Resident-led Projects of Dharavi Koliwada

Resident-led Projects of Dharavi Koliwada

These projects have been re-developed by the residents in collaboration with local contractors and the urbz team

Map highlighting location of all the chawls
Map highlighting location of all the chawls


Chawls were initially constructed around 1900 when the British government fostered the establishment of textile mills by numerous businessmen. Most of the employees were from the coastal Konkan region, where they could not find enough economic opportunity, and now they were migrating to these mills for employment. Mill owners built 100-200 square foot homes for their workers to live near the mills where they worked. In response to this demand, numerous property owners built chawls to rent out to tenants. Later, as Mumbai expanded, chawls were constructed to house employees and their families.

These chawls included a large veranda and a spacious courtyard for outdoor activities. The square was a gathering place for the community at night, and its members enjoyed taking strolls there. The chawls were lively places to celebrate holidays like Ganpati, Dahi Handi, and Diwali. Due to a lack of financial resources, a pandal would be set up on the ground, and all ceremonies would occur there in the past. When there was a gathering, the women of the chawls would prepare the food together. It was a usual practice in these chawls to barter for sugar, milk, and other food items.

The chawls offer a vivacious atmosphere and strong community bond and are affordable amidst Mumbai's skyrocketing real estate prices. This is because of the Maharashtra Rent Control Act (MRCA), 1999, which fixed rentals at prevailing rates in the 1940s, making the maximum monthly rent for a dwelling in a chawl now Rs 250. The tenant pays a cess to the Maharashtra Repair Board in addition to the initial rent of around Rs 5 per month to cover the cost of chawl maintenance. The MRCA has kept rentals at historically low levels to protect tenants even if they fall behind on their payments. This model restricted landlords from requesting more than 15% annual rent increases.

Over the past few decades, many chawls have fallen into disrepair. The Chawl dwellers have pushed for their communities to be redeveloped, citing concerns over their families' safety inside the dilapidated buildings. From the government's perspective, chawls are an opportunity to provide low-cost housing by repairing the buildings and rehousing the current residents.

In this context, the residents of Dharavi Koliwada (a fishing village in the heart of the city) are coming together and initiating the redevelopment of the chawls themselves. The tenants, along with the owner of the chawl, have been occupying the chawls for many years and will pass them down to their descendants, who likewise occupy the same room in the chawl. 

Since it is tough for the residents and the owners to bear the construction cost, they collaborate with a local contractor. In a sort of barter transaction, the contractors build the new chawl in the exact location and configuration as the old one, as well as additional rooms that are subsequently rented out to recover the money spent on the chawl's construction.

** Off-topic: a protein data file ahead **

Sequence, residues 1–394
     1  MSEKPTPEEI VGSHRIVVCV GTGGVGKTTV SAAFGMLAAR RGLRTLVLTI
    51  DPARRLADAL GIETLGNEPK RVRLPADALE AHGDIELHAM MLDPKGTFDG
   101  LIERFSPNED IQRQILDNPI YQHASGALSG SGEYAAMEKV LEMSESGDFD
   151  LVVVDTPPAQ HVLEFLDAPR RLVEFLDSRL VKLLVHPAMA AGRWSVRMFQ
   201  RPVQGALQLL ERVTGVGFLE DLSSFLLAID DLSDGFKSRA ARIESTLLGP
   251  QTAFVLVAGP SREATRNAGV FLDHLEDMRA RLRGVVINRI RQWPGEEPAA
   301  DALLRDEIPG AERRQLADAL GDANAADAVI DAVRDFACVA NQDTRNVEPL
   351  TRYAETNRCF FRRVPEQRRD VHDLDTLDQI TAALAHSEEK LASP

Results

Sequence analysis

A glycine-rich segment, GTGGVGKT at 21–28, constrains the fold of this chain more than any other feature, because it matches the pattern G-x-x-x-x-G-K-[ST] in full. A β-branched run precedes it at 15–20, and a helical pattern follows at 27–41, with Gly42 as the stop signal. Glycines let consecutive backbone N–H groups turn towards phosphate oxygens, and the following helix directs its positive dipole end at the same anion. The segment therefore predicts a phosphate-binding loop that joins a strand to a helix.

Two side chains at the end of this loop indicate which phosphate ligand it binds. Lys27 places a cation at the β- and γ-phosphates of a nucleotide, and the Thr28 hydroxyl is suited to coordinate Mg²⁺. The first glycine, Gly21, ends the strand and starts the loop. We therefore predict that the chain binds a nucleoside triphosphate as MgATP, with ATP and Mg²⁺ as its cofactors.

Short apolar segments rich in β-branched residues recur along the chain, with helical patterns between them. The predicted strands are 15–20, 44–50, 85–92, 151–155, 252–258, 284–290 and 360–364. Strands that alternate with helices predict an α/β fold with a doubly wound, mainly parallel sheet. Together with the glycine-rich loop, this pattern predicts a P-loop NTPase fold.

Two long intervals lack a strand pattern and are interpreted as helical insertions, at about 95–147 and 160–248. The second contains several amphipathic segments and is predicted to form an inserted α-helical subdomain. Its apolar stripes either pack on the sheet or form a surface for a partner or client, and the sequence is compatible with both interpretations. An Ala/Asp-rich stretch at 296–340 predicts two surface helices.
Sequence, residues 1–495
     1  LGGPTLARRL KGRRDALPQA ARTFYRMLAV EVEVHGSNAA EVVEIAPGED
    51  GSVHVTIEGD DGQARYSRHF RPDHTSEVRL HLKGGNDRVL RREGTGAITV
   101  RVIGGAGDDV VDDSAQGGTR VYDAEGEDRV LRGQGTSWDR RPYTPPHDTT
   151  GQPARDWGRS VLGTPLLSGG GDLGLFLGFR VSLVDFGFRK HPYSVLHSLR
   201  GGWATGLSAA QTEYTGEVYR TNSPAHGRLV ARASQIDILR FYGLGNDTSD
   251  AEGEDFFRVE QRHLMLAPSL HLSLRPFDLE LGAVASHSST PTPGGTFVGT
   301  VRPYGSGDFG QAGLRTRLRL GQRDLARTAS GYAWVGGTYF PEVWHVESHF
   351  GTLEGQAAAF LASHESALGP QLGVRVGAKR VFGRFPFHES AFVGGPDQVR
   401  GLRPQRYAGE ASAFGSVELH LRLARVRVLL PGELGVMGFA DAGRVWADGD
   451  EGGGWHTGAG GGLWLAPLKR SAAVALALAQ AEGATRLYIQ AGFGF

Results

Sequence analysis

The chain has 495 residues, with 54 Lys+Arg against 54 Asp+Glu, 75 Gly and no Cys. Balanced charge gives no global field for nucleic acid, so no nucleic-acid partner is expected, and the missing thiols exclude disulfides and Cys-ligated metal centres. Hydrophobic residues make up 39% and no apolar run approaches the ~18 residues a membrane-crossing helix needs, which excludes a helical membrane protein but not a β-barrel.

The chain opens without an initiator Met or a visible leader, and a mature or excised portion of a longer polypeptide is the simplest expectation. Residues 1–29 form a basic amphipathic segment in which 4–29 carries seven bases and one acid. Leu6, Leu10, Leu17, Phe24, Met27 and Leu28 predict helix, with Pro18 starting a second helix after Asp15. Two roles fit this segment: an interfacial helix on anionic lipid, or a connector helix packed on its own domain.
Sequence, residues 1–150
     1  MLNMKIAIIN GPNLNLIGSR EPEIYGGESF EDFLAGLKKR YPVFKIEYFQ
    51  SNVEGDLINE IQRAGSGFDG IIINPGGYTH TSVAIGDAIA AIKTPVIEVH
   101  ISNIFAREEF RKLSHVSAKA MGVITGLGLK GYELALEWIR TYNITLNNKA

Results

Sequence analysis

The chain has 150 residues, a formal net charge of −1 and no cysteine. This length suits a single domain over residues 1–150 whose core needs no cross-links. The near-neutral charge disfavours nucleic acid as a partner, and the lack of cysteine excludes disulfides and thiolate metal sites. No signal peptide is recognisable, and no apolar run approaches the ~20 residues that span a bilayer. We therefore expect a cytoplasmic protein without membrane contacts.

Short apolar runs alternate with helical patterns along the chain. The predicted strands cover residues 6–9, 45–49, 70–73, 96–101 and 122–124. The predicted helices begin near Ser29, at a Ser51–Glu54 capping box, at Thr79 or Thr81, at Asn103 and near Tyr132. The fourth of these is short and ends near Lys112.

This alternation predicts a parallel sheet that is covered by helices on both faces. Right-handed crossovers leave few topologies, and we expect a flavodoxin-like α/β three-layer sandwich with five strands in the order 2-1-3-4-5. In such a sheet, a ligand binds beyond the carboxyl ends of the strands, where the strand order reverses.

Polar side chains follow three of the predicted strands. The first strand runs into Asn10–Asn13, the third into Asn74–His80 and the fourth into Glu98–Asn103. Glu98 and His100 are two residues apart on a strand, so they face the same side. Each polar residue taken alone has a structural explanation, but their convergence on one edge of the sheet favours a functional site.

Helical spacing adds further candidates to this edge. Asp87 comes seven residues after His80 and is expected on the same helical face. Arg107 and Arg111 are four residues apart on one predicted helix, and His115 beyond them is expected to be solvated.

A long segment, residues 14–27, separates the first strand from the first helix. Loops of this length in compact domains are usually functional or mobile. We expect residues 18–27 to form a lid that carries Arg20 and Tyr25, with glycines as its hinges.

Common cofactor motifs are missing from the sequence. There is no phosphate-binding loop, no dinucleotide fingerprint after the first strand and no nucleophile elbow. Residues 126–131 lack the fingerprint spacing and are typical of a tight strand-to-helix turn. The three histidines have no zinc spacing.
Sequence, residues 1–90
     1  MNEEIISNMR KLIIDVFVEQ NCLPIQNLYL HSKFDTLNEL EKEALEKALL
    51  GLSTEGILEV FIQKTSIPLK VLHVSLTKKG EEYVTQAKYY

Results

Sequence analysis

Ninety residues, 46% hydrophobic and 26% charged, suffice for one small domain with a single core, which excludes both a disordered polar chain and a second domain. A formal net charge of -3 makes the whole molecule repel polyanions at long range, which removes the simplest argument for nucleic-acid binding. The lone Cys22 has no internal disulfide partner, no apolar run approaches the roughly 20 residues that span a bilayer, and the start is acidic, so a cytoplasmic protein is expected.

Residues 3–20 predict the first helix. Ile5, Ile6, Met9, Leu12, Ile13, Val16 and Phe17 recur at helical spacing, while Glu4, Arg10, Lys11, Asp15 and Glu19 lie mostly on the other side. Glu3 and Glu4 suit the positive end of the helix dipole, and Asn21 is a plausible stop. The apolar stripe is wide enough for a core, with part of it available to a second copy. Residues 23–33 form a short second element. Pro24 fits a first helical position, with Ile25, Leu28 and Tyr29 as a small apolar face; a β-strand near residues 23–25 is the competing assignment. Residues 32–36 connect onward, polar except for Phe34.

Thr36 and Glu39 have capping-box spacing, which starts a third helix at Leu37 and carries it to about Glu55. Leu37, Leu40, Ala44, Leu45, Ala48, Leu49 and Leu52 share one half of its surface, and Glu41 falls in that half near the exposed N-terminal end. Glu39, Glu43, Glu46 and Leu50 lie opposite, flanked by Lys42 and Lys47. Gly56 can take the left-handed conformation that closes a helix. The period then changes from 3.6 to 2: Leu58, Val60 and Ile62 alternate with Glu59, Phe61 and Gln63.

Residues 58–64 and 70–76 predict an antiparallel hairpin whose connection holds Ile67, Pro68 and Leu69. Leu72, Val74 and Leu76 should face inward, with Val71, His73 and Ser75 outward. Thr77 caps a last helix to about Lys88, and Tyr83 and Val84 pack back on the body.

urbz has been working in Dharavi for over a decade. In collaboration with the architects and local contractors, the community has initiated several redevelopment projects in Dharavi Koliwada. This article takes a closer look at the context of each project. 

1 Vithal Bhaskar Chawl

The Vithal bhaskar chawl is centrally situated in Koliwada and is owned by two owners-Vithal and Bhaskar. It has three sides of small alleys and a large open area in the middle that serves as a courtyard. Densification of Koliwada over time led to the development of several side streets, each only 5 feet wide. Because of this, another chawl was built adjacent to the Vikthal bhakar chawl that caused problems with natural light and ventilation. The chawl has two owners, and the new construction has been designed to match the existing building's footprint to avoid disruption to the neighborhood.

2 Pasco Patil Chawl

Situated on the busy street of Dharavi called the Dharavi main road. It is in the best possible location in terms of accessibility. The chawl's prime location means that its façade is used for commercial purposes, while its residential units look out over a quaint green backyard or one of the lanes off to the side.

3 Jairam Sheth Chawl

The Jairam Sheth chawl, like the Pasco Patil chawl, occupies a prime spot in the heart of Koliwada. The chawl is surrounded on three sides by tiny lanes and has open space on one side. The open area next to the chawl is occupied by a lonely customs house and is underutilised. This historic customs building stands as a reminder of the expanse of the sea and its significance in the past. The occasional occurrence of sea bedrock on the bottom is further evidence that the Arabian Sea was previously here but has been reclaimed and driven away.

4 Dharavi- link road Chawl

Unlike the rest of the koliwada, the Dharavi Link Road chawl is quite compact and was built more recently. Because of its location on the outskirts of Koliwada, vehicular access to the chawl is restricted at this location on the Bandra-Sion Link Road.

5 Koli Jamaat Chawl

The Koli jamaat chawal, like the Pasco Patil chawl, can be reached by car due to their convenient location on Dharavi's main road. The chawl's layout places commercial establishments along the busy street frontage, while dwellings and common areas are situated along the quieter, rear side.